Those links to Patriot's other projects don't inspire much confidence that this will be an architectural triumph. (The Architecture Firm's site shows some nice work) But, I'll take it. Sure beats a gigantic empty parking lot. And something on this scale could get the ball rolling in downtown Wheaton. The spot is perfect - right next to the Metro entrance and no beloved Mom and Pops will be displaced by this project. And look, the rendering even has trees. A tree would be a nice addition to the downtown. LEED certification is a plus.

Let the replacement of the strip malls begin!

Anonymous said...

Too high. Keep it under 10 stories.

Anonymous said...

Too short. Keep it over 20 stories.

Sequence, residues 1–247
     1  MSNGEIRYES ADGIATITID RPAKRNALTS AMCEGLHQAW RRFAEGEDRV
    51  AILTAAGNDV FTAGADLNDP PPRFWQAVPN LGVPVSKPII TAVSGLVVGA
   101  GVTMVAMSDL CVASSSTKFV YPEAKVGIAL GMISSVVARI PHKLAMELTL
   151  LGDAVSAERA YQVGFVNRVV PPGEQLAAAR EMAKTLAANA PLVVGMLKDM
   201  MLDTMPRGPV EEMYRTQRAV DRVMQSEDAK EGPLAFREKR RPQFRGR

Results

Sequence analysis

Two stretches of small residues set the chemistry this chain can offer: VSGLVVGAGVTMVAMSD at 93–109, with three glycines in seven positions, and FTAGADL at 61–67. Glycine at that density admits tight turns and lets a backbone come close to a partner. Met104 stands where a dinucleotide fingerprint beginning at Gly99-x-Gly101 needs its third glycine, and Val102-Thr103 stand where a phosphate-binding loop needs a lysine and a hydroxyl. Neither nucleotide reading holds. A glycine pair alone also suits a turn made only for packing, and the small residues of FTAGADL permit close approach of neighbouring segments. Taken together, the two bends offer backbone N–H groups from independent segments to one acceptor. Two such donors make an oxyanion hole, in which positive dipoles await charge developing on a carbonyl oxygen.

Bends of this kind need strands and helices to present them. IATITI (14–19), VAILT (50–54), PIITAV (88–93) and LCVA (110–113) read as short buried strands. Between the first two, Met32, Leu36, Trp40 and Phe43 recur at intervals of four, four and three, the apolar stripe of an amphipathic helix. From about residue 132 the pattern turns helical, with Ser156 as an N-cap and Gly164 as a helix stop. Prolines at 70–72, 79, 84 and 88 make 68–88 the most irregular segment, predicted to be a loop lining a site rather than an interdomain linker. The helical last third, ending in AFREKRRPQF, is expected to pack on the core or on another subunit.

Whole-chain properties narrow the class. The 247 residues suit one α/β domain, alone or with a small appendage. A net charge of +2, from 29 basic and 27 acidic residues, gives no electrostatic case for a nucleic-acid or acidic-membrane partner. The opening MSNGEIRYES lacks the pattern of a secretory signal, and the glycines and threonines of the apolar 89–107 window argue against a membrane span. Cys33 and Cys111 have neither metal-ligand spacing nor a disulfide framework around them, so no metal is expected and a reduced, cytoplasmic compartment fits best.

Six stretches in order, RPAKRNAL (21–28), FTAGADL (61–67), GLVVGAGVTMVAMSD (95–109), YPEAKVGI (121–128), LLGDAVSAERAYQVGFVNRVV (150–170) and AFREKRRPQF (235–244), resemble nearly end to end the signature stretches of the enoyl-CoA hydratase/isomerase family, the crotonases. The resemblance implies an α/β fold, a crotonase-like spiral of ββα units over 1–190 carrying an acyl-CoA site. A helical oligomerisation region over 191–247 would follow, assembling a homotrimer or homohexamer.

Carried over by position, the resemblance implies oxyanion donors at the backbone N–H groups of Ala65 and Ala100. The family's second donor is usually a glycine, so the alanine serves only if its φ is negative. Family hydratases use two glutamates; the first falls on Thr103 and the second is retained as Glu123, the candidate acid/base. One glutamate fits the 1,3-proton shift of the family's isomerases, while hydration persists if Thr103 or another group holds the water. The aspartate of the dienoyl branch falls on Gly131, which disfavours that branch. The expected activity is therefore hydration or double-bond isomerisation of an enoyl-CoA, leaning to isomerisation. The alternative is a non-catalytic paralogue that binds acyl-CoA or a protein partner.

Eric on Apr 13, 2010, 4:31:00 PM said...

Mister "anonymous: too high", you do realize that the entire reason that Wheaton is dying and has been unsuccessful in trying to redevelop is because of density restrictions and height limits? You'd rather have a downtown full of empty parking lots than a few measly 18-story buildings?

Eric is right said...

I agree with Eric. And what's wrong with a 20-story building? Low-rise looks ridiculous across from the metro, and building something large gives the chance for a memorable piece of architecture. Not sure this will actually be memorable, but at least there's a chance.

Anonymous said...

This is architecutral vomit, like all of Patriot's other monstrosities in Silver Spring. Montgomery county should require standard sized brick, windows with more than a rectangular sight line, and buried or fully wrapped parking, like Alexandria is requiring.

Anonymous said...

Density around the metro stations makes perfect sense. While the aesthetics could be improved, the concept is spot on.

Anonymous said...